Consequential improvements axed

Published:  19 December, 2012

The government has announced it has axed consequential improvement plans after industry opposition.

The government has announced it has axed consequential improvement plans after industry opposition.

The Heating & Hotwater Industry Council (HHIC) welcomed the news, as the association felt that consequential improvements to the energy efficiency of a dwelling could be very damaging for the heating industry.

The decision follows disapproval from the Builders Merchants' Federation and a consultation on the changes.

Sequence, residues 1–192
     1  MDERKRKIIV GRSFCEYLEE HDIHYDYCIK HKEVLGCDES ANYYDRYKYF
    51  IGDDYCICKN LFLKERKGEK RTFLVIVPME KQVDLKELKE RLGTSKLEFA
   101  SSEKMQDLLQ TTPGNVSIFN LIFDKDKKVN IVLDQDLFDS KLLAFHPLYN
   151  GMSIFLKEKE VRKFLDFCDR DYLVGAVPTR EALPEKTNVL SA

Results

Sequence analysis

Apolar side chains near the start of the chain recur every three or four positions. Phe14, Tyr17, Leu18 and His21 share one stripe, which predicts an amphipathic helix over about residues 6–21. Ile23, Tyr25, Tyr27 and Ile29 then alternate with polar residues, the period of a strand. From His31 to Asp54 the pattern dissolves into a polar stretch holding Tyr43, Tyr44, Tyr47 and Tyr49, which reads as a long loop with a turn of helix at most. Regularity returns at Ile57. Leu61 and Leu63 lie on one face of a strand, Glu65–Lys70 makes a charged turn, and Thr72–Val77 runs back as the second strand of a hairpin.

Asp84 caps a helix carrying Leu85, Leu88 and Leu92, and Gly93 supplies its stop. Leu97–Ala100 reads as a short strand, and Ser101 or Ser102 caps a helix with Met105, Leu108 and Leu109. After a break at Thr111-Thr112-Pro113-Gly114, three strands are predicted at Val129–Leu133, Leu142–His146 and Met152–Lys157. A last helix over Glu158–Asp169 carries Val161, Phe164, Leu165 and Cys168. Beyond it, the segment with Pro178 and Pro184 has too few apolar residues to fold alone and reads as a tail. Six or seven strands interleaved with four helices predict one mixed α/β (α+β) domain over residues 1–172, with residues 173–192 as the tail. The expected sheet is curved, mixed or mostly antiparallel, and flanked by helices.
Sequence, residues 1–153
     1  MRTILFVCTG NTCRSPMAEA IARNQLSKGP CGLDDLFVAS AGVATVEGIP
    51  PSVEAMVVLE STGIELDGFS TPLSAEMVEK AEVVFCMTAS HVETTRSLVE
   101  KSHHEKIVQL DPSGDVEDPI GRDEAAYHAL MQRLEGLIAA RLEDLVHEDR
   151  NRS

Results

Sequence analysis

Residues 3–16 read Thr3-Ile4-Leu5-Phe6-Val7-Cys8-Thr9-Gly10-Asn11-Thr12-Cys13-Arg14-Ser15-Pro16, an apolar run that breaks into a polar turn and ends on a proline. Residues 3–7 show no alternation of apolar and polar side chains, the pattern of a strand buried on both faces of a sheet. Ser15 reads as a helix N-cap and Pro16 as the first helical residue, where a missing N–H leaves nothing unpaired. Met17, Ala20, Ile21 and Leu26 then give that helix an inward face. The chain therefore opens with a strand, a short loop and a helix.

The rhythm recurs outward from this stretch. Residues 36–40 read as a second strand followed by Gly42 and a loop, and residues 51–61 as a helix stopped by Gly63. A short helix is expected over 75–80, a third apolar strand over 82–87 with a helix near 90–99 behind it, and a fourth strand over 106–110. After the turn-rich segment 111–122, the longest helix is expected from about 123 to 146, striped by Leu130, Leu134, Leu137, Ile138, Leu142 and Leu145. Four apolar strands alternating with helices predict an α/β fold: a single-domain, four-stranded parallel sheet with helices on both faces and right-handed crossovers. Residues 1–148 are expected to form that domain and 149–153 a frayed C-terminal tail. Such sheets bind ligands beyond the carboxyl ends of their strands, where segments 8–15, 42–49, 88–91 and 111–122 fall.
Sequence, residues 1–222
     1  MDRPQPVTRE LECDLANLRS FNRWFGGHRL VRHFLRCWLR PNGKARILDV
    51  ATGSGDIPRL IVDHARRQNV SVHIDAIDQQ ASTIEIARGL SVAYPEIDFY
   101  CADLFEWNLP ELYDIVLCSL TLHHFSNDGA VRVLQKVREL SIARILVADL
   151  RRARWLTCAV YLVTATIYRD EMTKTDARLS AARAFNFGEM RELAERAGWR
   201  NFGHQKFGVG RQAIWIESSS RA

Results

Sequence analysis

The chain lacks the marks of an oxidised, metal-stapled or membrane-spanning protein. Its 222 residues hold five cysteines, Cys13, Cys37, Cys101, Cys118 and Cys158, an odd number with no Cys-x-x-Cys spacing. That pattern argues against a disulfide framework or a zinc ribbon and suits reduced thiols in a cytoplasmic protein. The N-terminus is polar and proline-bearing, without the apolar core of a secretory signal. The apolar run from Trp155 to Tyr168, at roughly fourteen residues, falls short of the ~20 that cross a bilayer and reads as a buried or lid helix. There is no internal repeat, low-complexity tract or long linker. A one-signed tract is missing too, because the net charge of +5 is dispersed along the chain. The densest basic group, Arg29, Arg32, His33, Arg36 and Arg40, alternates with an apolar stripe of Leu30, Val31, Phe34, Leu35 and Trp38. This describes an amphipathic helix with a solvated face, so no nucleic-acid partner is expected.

The government previously proposed that those carrying out home improvements would also have had to install other unrelated energy efficiency measures worth an additional 10% of the cost of the main works, in the way of loft or cavity insulation, upgrading a boiler or better heating controls.

HHIC says this would have been detrimental to the boiler industry as some people would have repaired old boilers rather than replacing them with more energy efficient models that would be better for the environment and their bills.

HHIC lobbied hard with industry, talking with and supplying information to DCLG, and responded to the government consultation expressing their concerns.

“Industry fully supports the government’s commitment to energy efficiency and the need to retrofit our old housing stock,” said Roger Webb, HHIC director. “However by imposing a tax on home improvements for consumers this could result in damage to an industry that is already struggling and requires much more market stimulus.